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Tuffey started with four no-balls and four wides in a 14-ball opening over, eventually conceding 25 runs in a two-over spell. It took his total to 145 runs off 18 overs in the three games, and that left Stephen Fleming far from amused. "There was a lot of faith put in him for this game," Fleming told the Sunday Star Times. "There were question marks over his form from the first two games and that performance was certainly not up to international standard. You have got to be pretty disappointed when he bowled so well for us in the past and then he puts in a performance like that."
New Zealand coach John Bracewell went further, saying that Tuffey was suffering from a complete lack of confidence and would be sent to the New Zealand Cricket High Performance Centre to work with sports psychologist Gilbert Enoka and academy director Dayle Hadlee. "He went through a period of denial with his technique," Bracewell admitted. "It's escalated and grown on him to a certain extent and he's got to come to terms with that. It's simple confidence, I don't think he's ever regained his confidence from his knee issue. That has affected his technique. He's falling away."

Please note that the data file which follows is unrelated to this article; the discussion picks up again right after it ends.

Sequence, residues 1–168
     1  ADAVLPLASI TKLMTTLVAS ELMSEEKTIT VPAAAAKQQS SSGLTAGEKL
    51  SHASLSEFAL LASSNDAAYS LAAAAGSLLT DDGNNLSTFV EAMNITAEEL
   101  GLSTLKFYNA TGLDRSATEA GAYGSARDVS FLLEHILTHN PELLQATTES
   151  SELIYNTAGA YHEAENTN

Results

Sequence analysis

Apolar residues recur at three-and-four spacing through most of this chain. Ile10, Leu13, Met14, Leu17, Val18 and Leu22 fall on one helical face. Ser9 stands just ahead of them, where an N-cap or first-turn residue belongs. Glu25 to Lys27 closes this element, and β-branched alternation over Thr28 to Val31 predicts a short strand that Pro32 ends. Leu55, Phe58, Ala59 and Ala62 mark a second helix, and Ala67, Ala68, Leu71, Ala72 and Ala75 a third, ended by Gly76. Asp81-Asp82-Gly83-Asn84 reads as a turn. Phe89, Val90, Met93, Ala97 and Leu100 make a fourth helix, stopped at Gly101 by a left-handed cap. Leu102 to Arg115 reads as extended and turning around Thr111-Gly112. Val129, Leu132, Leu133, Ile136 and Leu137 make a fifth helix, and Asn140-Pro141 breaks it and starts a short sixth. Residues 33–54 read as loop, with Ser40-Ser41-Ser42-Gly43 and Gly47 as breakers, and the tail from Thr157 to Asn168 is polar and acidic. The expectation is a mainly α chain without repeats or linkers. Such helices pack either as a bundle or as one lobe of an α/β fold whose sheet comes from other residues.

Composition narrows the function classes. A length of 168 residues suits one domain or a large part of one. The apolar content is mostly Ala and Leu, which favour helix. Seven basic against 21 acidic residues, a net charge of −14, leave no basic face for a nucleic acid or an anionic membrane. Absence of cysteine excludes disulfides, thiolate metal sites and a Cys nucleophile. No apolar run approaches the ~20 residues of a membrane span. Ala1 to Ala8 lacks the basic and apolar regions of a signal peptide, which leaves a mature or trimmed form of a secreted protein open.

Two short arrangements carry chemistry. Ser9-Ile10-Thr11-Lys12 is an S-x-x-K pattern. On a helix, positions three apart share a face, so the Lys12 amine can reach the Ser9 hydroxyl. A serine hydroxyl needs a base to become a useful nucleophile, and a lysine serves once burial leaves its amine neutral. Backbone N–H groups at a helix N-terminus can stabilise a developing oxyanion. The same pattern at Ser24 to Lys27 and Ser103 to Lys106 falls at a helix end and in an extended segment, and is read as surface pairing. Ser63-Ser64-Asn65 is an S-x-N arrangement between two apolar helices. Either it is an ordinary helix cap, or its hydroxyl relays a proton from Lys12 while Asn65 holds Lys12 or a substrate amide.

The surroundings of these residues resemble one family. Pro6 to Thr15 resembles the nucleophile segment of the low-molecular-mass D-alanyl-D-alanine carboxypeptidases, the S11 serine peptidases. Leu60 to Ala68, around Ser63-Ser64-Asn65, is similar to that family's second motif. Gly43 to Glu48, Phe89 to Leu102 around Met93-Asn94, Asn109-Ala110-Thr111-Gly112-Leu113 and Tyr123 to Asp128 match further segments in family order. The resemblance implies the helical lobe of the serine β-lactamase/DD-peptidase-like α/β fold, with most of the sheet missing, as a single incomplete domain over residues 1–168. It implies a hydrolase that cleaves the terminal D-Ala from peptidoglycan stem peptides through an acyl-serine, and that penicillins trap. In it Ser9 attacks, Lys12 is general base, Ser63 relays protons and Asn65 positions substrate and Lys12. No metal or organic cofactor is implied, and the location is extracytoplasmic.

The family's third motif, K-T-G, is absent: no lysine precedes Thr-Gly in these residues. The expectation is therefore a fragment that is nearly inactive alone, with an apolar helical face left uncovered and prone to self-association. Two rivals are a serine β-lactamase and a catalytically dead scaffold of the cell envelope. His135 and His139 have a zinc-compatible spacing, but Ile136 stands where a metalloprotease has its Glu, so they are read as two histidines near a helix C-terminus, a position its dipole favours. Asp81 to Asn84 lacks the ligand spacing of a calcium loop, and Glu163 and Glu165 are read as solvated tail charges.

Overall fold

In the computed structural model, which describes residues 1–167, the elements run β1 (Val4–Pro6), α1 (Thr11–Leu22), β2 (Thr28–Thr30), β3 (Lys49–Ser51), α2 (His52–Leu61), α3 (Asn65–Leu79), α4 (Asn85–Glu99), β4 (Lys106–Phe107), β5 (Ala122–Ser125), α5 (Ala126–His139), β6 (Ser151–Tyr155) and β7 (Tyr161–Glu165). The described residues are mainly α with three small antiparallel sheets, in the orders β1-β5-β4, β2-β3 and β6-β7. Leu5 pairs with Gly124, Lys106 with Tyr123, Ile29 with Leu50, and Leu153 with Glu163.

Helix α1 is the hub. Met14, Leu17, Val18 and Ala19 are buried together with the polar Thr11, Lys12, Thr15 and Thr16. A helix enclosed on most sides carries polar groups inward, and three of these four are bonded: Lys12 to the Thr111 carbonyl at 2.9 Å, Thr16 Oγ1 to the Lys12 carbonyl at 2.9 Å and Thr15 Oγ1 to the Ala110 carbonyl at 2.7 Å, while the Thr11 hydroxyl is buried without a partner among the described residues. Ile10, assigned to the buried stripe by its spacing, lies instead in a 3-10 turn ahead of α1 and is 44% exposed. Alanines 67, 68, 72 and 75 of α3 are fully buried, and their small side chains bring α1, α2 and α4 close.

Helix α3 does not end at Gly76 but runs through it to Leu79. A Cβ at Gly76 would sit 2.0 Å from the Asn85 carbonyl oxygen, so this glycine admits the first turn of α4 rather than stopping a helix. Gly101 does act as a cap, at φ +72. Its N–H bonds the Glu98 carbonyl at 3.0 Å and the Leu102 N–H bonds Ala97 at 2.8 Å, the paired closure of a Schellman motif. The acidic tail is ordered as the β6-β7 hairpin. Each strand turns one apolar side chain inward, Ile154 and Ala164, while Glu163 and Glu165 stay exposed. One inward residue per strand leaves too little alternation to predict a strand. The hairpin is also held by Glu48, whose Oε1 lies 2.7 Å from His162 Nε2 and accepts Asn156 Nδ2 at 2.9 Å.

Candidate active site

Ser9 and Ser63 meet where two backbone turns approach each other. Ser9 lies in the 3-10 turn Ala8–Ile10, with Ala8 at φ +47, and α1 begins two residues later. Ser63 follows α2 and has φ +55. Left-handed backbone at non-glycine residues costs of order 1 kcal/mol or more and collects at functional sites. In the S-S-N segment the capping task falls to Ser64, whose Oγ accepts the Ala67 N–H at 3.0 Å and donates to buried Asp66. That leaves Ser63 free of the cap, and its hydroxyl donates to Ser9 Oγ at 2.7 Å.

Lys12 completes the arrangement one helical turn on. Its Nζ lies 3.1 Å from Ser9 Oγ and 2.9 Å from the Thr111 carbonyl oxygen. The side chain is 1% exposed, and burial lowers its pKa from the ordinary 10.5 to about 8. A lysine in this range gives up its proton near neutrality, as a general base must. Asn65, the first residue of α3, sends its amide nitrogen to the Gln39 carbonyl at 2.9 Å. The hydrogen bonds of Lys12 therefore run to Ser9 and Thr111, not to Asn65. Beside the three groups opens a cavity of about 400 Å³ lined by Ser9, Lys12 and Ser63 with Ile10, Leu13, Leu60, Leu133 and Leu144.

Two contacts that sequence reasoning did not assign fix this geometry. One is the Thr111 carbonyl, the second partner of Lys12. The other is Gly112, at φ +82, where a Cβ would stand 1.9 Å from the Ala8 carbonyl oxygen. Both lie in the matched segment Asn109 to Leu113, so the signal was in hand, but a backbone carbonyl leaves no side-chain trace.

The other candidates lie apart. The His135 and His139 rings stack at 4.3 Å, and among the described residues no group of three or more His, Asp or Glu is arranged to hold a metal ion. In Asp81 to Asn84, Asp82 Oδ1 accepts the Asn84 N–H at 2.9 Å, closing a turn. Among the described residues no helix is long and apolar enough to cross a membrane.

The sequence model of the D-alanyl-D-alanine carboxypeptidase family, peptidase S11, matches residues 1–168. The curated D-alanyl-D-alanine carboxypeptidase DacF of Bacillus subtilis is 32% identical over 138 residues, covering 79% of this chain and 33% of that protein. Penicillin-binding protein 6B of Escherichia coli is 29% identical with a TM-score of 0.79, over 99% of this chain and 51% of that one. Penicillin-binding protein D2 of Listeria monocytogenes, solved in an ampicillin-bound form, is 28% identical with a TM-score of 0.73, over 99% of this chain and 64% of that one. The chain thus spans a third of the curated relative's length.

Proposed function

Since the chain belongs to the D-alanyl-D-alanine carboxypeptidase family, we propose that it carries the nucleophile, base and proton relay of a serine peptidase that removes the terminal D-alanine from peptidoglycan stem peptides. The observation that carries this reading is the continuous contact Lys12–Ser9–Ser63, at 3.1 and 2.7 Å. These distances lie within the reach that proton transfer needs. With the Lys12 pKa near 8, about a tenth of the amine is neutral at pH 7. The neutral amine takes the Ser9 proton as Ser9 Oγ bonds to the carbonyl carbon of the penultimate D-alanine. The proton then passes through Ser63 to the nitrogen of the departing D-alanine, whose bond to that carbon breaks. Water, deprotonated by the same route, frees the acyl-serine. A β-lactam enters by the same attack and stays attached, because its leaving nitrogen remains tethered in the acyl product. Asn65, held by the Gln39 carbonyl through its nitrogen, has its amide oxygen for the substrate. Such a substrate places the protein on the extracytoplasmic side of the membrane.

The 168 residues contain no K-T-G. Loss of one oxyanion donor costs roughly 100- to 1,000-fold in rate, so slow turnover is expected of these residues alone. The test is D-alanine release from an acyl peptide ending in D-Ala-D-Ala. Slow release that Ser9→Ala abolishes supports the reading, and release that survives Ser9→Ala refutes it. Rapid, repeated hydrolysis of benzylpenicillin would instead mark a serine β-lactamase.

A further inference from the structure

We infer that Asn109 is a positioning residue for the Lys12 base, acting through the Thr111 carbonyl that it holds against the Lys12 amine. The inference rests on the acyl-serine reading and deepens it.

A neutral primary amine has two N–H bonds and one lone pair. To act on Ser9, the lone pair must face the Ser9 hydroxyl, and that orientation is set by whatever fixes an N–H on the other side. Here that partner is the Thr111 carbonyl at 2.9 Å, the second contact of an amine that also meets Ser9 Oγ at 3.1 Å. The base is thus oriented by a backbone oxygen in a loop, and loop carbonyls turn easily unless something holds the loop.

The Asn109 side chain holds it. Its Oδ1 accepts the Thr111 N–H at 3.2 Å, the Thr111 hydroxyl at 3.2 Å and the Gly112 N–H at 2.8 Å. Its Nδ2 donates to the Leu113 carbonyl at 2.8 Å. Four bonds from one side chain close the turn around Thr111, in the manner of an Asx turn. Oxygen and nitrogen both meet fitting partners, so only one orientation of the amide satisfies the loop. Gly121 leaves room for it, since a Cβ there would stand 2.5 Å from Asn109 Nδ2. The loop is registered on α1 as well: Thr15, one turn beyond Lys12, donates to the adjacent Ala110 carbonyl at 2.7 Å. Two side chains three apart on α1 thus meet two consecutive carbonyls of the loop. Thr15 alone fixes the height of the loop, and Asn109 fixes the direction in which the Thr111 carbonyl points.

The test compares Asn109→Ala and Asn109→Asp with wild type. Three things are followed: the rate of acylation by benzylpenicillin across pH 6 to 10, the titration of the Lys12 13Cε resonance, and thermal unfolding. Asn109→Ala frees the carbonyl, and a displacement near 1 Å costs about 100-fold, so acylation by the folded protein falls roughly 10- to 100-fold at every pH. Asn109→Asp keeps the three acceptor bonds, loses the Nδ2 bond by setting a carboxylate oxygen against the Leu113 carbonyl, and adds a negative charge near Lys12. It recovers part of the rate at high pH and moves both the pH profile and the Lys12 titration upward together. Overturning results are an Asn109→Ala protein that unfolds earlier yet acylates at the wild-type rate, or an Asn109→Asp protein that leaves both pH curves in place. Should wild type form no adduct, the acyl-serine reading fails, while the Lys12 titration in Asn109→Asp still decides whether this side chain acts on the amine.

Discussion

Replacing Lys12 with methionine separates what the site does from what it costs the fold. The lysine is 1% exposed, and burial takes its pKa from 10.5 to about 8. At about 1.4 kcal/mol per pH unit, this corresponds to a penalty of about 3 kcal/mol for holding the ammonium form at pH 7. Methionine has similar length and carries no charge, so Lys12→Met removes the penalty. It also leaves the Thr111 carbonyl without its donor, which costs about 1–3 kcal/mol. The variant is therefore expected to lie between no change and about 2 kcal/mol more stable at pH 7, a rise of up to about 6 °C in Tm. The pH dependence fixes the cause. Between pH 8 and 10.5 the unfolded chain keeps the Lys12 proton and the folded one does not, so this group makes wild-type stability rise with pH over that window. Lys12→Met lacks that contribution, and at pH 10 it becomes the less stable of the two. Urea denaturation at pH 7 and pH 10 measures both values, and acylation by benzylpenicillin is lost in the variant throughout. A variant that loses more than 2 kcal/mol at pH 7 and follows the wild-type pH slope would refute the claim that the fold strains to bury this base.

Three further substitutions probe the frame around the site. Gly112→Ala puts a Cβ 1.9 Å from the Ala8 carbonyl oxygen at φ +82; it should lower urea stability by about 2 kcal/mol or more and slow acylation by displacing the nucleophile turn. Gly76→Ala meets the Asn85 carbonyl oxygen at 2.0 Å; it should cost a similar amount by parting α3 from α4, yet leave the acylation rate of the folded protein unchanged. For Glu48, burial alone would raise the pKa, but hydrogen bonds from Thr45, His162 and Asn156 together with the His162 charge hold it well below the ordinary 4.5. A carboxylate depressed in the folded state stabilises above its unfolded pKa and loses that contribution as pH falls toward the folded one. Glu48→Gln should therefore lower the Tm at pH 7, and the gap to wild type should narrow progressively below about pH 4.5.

Tuffey's problems might be in the mind, but Michael Papps's were more physical. He was forced to go to hospital for a scan after being struck on the head twice by Brett Lee bouncers, one of which left a dent in his helmet and a large swelling on the side of his head. Despite continuing dizziness he was later discharged.
"They went hard at Michael," Fleming admitted. "They were always going to head hunt him because they knew he was probably going to be the guy opening in the Tests."